Abstract: This article describes the software suite GROMACS (Groningen MAchine for Chemical Simulation) that was developed at the University of Groningen, The Netherlands, in the early 1990s. The software, written in ANSI C, originates from a parallel hardware project, and is well suited for parallelization on processor clusters. By careful optimization of neighbor searching and of inner loop performance, GROMACS is a very fast program for molecular dynamics simulation. It does not have a force field of its own, but is compatible with GROMOS, OPLS, AMBER, and ENCAD force fields. In addition, it can handle polarizable shell models and flexible constraints. The program is versatile, as force routines can be added by the user, tabulated functions can be specified, and analyses can be easily customized. Nonequilibrium dynamics and free energy determinations are incorporated. Interfaces with popular quantum-chemical packages (MOPAC, GAMES-UK, GAUSSIAN) are provided to perform mixed MM/QM simulations. The package includes about 100 utility and analysis programs. GROMACS is in the public domain and distributed (with source code and documentation) under the GNU General Public License. It is maintained by a group of developers from the Universities of Groningen, Uppsala, and Stockholm, and the Max Planck Institute for Polymer Research in Mainz. Its Web site is http://www.gromacs.org.

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Topics: Software suite (50%)

10,642 Citations


Book ChapterDOI: 10.1385/1-59259-584-7:531
Abstract: Protein identification and analysis software performs a central role in the investigation of proteins from two-dimensional (2-D) gels and mass spectrometry. For protein identification, the user matches certain empirically acquired information against a protein database to define a protein as already known or as novel. For protein analysis, information in protein databases can be used to predict certain properties about a protein, which can be useful for its empirical investigation. The two processes are thus complementary. Although there are numerous programs available for those applications, we have developed a set of original tools with a few main goals in mind. Specifically, these are: 1. To utilize the extensive annotation available in the Swiss-Prot database wherever possible, in particular the position-specific annotation in the Swiss-Prot feature tables to take into account posttranslational modifications and protein processing. 2. To develop tools specifically, but not exclusively, applicable to proteins prepared by two dimensional gel electrophoresis and peptide mass fingerprinting experiments. 3. To make all tools available on the World-Wide Web (WWW), and freely usable by the scientific community. In this chapter we give details about protein identification and analysis software that is available through the ExPASy World Wide Web server.

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Topics: Protein structure database (61%), ExPASy (54%)

6,688 Citations


Open accessJournal ArticleDOI: 10.1038/NPROT.2010.5
25 Mar 2010-Nature Protocols
Abstract: The iterative threading assembly refinement (I-TASSER) server is an integrated platform for automated protein structure and function prediction based on the sequence-to-structure-to-function paradigm. Starting from an amino acid sequence, I-TASSER first generates three-dimensional (3D) atomic models from multiple threading alignments and iterative structural assembly simulations. The function of the protein is then inferred by structurally matching the 3D models with other known proteins. The output from a typical server run contains full-length secondary and tertiary structure predictions, and functional annotations on ligand-binding sites, Enzyme Commission numbers and Gene Ontology terms. An estimate of accuracy of the predictions is provided based on the confidence score of the modeling. This protocol provides new insights and guidelines for designing of online server systems for the state-of-the-art protein structure and function predictions. The server is available at http://zhanglab.ccmb.med.umich.edu/I-TASSER.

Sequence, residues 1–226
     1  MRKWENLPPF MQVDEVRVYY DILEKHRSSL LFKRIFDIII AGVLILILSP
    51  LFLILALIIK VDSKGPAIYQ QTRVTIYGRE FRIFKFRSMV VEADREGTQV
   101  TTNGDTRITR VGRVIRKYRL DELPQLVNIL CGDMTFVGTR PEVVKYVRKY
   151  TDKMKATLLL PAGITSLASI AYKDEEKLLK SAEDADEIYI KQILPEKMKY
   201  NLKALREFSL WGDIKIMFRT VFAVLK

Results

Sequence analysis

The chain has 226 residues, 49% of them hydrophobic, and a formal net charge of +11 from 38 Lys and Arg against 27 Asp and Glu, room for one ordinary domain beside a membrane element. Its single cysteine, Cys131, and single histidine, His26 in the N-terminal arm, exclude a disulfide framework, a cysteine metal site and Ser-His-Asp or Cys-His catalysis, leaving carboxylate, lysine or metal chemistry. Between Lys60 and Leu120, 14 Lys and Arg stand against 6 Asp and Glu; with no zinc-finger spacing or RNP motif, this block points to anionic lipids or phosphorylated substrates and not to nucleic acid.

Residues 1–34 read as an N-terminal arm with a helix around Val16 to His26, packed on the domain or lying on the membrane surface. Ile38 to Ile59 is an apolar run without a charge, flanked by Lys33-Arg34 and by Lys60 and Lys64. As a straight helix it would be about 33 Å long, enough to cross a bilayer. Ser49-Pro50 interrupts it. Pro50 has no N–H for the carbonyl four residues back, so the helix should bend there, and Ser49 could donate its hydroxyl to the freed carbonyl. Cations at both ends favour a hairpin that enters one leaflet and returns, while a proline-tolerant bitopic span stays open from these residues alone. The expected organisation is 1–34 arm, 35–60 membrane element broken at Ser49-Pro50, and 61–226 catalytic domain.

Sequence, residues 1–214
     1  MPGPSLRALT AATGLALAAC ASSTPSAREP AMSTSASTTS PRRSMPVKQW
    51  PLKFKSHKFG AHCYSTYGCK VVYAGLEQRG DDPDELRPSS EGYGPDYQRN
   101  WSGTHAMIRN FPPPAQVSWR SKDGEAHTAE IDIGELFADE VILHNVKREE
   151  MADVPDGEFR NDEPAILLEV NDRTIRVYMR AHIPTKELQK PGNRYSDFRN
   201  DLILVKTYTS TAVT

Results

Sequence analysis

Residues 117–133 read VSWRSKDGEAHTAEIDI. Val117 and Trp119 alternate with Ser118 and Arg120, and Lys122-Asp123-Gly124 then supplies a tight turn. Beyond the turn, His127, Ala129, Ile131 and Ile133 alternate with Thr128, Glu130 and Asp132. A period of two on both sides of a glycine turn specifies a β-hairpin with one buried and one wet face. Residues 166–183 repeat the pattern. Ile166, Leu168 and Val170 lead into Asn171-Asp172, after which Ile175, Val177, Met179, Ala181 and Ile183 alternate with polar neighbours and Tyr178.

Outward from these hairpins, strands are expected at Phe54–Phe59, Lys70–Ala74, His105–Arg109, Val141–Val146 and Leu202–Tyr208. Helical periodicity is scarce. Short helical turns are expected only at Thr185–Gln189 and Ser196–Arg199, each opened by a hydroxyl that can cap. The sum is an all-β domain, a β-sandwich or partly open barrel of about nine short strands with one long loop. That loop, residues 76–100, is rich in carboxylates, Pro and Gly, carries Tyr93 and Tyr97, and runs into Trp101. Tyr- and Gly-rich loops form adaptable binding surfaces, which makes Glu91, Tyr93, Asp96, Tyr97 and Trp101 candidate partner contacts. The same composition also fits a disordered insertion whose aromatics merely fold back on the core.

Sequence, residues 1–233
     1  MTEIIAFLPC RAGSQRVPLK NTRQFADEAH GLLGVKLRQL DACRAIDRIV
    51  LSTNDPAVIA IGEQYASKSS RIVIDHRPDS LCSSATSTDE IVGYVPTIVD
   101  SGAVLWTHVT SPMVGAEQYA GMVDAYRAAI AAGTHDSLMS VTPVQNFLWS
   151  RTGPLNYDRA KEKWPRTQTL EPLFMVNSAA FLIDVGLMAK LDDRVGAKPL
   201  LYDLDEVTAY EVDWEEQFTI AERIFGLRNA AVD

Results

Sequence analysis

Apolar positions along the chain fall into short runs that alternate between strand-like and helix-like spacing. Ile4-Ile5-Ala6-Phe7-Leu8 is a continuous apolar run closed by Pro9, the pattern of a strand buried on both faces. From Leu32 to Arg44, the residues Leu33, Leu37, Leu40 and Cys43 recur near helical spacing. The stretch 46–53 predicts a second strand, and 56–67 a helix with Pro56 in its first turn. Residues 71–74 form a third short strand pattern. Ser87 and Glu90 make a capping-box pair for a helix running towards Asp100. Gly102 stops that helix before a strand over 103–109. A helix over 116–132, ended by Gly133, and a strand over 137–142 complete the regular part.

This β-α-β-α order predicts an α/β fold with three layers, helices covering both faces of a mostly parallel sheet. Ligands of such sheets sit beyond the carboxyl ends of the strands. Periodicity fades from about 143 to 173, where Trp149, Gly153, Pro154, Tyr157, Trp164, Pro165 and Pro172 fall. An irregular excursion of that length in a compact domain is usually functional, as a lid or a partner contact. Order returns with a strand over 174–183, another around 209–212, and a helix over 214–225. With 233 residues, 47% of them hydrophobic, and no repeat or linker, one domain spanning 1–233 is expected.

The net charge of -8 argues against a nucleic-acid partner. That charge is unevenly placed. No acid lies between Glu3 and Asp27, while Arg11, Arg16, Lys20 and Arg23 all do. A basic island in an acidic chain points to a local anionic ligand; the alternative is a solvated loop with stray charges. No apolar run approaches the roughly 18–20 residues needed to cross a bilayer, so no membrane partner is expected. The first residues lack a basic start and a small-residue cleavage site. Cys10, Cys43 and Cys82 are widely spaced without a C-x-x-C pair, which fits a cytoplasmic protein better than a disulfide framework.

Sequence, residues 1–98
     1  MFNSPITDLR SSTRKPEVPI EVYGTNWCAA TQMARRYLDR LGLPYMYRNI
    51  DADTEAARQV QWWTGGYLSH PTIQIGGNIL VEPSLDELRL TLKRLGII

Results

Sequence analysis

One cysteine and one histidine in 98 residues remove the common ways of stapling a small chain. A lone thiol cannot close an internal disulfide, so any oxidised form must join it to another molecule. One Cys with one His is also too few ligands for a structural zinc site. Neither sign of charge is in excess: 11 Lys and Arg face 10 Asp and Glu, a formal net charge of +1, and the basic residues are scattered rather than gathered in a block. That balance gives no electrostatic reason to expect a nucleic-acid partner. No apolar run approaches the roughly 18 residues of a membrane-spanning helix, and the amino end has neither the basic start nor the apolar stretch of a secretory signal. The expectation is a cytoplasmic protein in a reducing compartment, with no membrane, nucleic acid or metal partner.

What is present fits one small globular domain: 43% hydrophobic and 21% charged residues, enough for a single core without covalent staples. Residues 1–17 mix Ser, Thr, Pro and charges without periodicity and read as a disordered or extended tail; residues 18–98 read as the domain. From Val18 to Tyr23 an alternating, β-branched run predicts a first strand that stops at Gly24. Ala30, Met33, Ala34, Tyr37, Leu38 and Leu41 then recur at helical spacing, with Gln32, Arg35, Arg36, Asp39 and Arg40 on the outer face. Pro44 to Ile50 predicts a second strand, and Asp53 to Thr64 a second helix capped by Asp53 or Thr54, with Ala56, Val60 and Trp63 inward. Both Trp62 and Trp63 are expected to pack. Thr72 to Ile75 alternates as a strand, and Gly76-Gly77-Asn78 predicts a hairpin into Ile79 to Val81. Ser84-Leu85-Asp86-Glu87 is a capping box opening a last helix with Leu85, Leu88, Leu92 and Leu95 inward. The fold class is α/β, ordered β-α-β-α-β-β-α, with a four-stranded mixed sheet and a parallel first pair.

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5,124 Citations


Journal ArticleDOI: 10.1002/PROT.10286
15 Feb 2003-Proteins
Abstract: Geometrical validation around the Calpha is described, with a new Cbeta measure and updated Ramachandran plot. Deviation of the observed Cbeta atom from ideal position provides a single measure encapsulating the major structure-validation information contained in bond angle distortions. Cbeta deviation is sensitive to incompatibilities between sidechain and backbone caused by misfit conformations or inappropriate refinement restraints. A new phi,psi plot using density-dependent smoothing for 81,234 non-Gly, non-Pro, and non-prePro residues with B < 30 from 500 high-resolution proteins shows sharp boundaries at critical edges and clear delineation between large empty areas and regions that are allowed but disfavored. One such region is the gamma-turn conformation near +75 degrees,-60 degrees, counted as forbidden by common structure-validation programs; however, it occurs in well-ordered parts of good structures, it is overrepresented near functional sites, and strain is partly compensated by the gamma-turn H-bond. Favored and allowed phi,psi regions are also defined for Pro, pre-Pro, and Gly (important because Gly phi,psi angles are more permissive but less accurately determined). Details of these accurate empirical distributions are poorly predicted by previous theoretical calculations, including a region left of alpha-helix, which rates as favorable in energy yet rarely occurs. A proposed factor explaining this discrepancy is that crowding of the two-peptide NHs permits donating only a single H-bond. New calculations by Hu et al. [Proteins 2002 (this issue)] for Ala and Gly dipeptides, using mixed quantum mechanics and molecular mechanics, fit our nonrepetitive data in excellent detail. To run our geometrical evaluations on a user-uploaded file, see MOLPROBITY (http://kinemage.biochem.duke.edu) or RAMPAGE (http://www-cryst.bioc.cam.ac.uk/rampage).